Buñuel’s 1967 film, Belle De Jour, explored the idea of a middle class woman exchanging the mundane existence of a housewife for that of a call girl, spending her days being ravished by strange men for money. Belle’s audacious rejection of the status quo in favour of pleasure and money makes us, in some ways, acutely uncomfortable, perhaps because it forces us to wonder why we have so blindly devoted ourselves to lives of dreary servitude without ever questioning why. Or if there might not be a more pleasurable alternative.
Why do we go to university, when it will only saddle us with debt and no longer ensures that there will be a job-for-life awaiting us on graduation? Why do we aspire to marriage and kids, when the planet is grossly overpopulated and most of us are atheists anyway? Perhaps because the alternative is so abstract and unstructured that it frightens us. There is comfort in compliance to the prevailing norms of society, whereas dissension is dangerous and untested.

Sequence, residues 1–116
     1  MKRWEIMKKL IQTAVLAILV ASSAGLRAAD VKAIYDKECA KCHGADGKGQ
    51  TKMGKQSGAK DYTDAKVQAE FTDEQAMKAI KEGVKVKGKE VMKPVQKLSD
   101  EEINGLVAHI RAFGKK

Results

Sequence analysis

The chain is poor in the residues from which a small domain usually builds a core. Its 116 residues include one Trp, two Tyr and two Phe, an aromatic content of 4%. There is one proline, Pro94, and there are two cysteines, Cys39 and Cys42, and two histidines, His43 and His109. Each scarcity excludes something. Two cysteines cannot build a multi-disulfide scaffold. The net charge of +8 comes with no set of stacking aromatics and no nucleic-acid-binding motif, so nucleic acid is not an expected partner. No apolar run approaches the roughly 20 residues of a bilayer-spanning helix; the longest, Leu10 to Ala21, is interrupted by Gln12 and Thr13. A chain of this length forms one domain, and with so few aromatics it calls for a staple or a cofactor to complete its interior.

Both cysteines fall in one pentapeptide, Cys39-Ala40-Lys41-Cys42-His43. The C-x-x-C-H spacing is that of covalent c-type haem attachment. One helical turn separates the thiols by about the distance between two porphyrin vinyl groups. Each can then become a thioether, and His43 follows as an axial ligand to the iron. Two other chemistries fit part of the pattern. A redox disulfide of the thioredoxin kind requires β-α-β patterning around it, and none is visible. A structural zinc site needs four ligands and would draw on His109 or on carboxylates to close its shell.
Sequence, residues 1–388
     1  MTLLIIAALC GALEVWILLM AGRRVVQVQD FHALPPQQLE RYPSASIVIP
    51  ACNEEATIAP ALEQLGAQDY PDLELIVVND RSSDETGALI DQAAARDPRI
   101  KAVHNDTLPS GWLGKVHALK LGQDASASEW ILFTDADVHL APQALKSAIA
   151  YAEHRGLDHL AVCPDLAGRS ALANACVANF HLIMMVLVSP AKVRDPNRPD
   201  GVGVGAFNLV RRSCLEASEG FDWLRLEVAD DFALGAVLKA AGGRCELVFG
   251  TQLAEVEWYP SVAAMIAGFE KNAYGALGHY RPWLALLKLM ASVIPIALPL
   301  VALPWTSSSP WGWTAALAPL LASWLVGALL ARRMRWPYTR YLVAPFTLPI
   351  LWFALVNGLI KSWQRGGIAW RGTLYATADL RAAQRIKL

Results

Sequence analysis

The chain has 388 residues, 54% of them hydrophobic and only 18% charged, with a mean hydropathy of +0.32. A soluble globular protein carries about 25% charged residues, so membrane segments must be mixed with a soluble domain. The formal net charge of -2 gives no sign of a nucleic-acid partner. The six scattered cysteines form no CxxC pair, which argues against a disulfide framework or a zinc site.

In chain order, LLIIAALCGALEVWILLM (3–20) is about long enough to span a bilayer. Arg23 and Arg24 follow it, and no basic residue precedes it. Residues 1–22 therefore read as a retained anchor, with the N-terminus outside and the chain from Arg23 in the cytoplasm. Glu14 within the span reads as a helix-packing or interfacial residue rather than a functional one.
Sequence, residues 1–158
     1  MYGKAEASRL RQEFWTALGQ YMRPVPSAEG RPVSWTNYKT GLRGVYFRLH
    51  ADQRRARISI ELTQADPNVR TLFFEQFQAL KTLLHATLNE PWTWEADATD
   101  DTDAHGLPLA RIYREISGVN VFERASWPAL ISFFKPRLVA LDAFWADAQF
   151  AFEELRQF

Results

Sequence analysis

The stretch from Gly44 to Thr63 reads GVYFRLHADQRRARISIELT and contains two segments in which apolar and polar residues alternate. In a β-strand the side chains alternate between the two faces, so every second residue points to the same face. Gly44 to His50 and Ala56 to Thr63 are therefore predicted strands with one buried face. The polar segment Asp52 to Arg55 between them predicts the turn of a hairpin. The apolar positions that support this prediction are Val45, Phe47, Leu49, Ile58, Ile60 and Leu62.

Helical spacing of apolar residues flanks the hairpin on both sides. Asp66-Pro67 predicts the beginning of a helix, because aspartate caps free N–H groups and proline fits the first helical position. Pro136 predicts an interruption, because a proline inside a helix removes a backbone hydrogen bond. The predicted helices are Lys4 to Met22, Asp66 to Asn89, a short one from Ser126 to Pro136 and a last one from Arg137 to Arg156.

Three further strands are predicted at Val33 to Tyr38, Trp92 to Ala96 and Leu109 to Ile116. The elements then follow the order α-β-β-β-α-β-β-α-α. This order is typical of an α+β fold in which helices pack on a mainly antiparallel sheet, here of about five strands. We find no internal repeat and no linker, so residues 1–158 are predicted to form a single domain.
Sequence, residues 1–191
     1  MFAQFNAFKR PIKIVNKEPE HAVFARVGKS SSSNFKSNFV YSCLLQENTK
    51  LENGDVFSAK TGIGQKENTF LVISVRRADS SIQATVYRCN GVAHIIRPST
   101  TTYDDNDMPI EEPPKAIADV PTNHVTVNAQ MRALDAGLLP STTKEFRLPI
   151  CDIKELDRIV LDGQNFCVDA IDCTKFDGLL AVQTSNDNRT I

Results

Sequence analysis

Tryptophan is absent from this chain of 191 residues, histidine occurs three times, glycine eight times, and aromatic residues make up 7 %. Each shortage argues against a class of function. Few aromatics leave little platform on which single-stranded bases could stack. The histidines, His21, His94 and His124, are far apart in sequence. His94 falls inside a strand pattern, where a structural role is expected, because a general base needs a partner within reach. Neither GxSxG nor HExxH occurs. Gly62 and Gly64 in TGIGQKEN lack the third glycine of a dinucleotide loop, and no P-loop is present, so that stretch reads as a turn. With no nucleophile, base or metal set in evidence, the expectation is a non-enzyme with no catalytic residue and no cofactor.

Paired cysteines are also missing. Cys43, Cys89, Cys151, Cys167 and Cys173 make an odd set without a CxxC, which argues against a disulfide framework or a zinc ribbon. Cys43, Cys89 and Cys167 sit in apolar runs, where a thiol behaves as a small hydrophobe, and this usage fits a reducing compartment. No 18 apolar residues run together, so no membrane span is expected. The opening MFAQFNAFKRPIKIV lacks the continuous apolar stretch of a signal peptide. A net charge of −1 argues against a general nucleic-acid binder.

Inspired by this strange, shared feeling of discomfort, photographer Scarlett Casciello and stylist Lucy Upton Prowse put together a shoot in the suburbs of Paris, on an incredible brutalist estate called, appropriately, ‘Paris de Noisy’.